# Numbers in Programming#

In earlier code examples, we used numbers already. We commonly used them for `x`

and `y`

coordinates, for red, green and blue parts of our colors and even some decimal numbers while we were drawing arcs. Computers distinguish between different "types", and there are even different types of numbers!

## Types of Numbers#

`int`

: can contain integer (whole) numbers. Goes from roughly –2 billion to 2 billion.`long`

: can also contain integer numbers, but can store ridiculously large numbers from roughly –10 quintillion to 10 quintillion (–9×10^{18}to 9×10^{18}).`float`

: can contain numbers that we call "floating point" numbers. For now, this just means that this can store a number with a decimal point like`2.5`

or`3.1415`

.`double`

: short for "double precision". Like`float`

it can store numbers with a decimal point, but it can store larger numbers and/or more decimal places.

Integers stay integer

If you declare two `int`

s and divide one by the other, please be aware that the result is also an integer! Meaning that the result of your calculation may not be what you expected!

```
int screenWidth = 1000;
int columns = 6;
int columnWidth = screenWidth / columns;
println(columnWidth); // this is now 166
println(columnWidth * columns); // hey, where did those 4 pixels go?
```

Humans would calculate this to be 166.66…, but integer division just throws away the fractional part.

## Calculations! Calculations EVERYWHERE!#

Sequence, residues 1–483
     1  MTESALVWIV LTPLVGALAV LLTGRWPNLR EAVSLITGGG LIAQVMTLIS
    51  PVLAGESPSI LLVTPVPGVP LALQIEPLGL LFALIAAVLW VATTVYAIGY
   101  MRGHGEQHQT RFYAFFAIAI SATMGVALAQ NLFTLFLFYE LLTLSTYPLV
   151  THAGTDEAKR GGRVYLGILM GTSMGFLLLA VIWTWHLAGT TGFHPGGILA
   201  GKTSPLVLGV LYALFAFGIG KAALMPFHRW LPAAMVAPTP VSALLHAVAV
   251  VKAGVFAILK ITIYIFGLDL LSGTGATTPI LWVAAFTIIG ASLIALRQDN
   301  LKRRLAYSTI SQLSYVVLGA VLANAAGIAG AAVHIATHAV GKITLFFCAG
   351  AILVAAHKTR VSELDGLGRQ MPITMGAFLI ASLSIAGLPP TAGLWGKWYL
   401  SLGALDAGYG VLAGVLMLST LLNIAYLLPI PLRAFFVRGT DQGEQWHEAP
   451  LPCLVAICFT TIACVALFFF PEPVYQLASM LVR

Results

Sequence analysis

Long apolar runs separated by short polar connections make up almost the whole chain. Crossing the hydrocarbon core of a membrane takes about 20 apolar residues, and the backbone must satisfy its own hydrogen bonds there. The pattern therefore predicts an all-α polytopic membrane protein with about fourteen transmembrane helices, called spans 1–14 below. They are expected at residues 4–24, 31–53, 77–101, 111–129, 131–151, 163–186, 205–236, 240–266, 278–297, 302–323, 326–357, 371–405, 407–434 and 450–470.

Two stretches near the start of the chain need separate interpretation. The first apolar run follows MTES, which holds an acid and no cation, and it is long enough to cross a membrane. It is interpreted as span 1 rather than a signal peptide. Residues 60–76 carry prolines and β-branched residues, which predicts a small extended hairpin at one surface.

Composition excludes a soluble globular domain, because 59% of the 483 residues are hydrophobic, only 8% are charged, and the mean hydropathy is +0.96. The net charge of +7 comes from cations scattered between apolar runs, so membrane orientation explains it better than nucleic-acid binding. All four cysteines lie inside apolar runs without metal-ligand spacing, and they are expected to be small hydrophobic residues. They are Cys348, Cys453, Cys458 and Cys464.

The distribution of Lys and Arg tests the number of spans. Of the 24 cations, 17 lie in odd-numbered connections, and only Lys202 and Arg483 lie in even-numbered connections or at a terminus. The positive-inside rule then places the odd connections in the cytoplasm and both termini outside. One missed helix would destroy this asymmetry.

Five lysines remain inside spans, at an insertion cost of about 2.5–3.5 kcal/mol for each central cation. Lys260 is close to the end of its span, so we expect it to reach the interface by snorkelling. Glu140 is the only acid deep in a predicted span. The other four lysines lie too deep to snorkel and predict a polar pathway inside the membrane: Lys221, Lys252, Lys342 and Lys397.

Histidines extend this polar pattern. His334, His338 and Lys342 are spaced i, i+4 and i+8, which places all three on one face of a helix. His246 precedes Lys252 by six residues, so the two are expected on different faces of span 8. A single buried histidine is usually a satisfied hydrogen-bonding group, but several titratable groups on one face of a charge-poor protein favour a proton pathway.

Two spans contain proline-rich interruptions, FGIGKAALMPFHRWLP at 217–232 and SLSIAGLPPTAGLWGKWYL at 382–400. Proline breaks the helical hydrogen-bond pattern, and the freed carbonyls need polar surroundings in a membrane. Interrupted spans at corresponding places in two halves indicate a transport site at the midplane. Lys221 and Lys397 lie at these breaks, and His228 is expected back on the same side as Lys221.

You can do calculations almost everywhere while programming. Here's an example that I modified from our christmas tree code. Every coordinate I draw to comes from either `treeRadius`

or `treeHeight`

- but with a tiny bit of calculation in between. It is worth noting that we are not changing the variables. We are using them in our calculations and give the results to the various draw commands.

```
size(400, 400);
int treeRadius = 40;
int treeHeight = 100;
translate(100, 100);
fill(0, 100, 0);
beginShape();
vertex(0, 0);
// right side
vertex(treeRadius / 2, treeHeight / 3);
vertex(treeRadius / 3, treeHeight / 3);
vertex(treeRadius, treeHeight * 3 / 4);
// left side
vertex(-treeRadius, treeHeight * 3 / 4);
vertex(-treeRadius / 3, treeHeight / 3);
vertex(-treeRadius / 2, treeHeight / 3);
endShape(CLOSE);
// trunk
fill(70, 70, 0);
rect(-treeRadius / 8, treeHeight * 3 / 4, treeRadius / 4, treeHeight / 4);
```

Copy and Paste to your processing IDE!

copy the code above into your processing IDE and try different values for `treeRadius`

and `treeHeight`

in lines 3 and 4!

## Changing your variables#

In this next example, we actually do want to change the value of our variable. Let's say your game has some kind of economy and you have credits that you can spend. Buying some item will reduce the amount of credits you own. In some way shape or form these following lines will be in ANY game that fits this description:

```
// let's start with 1000 credits!
int creditsInWallet = 1000;
int itemPrice = 50;
// this changes our credits variable to a new value
creditsInWallet = creditsInWallet - itemPrice;
// let's see what we've got left
println(creditsInWallet); // this will now print 950
```

For now, we don't worry where we would have gotten these numbers from, the important part is, that we can change them.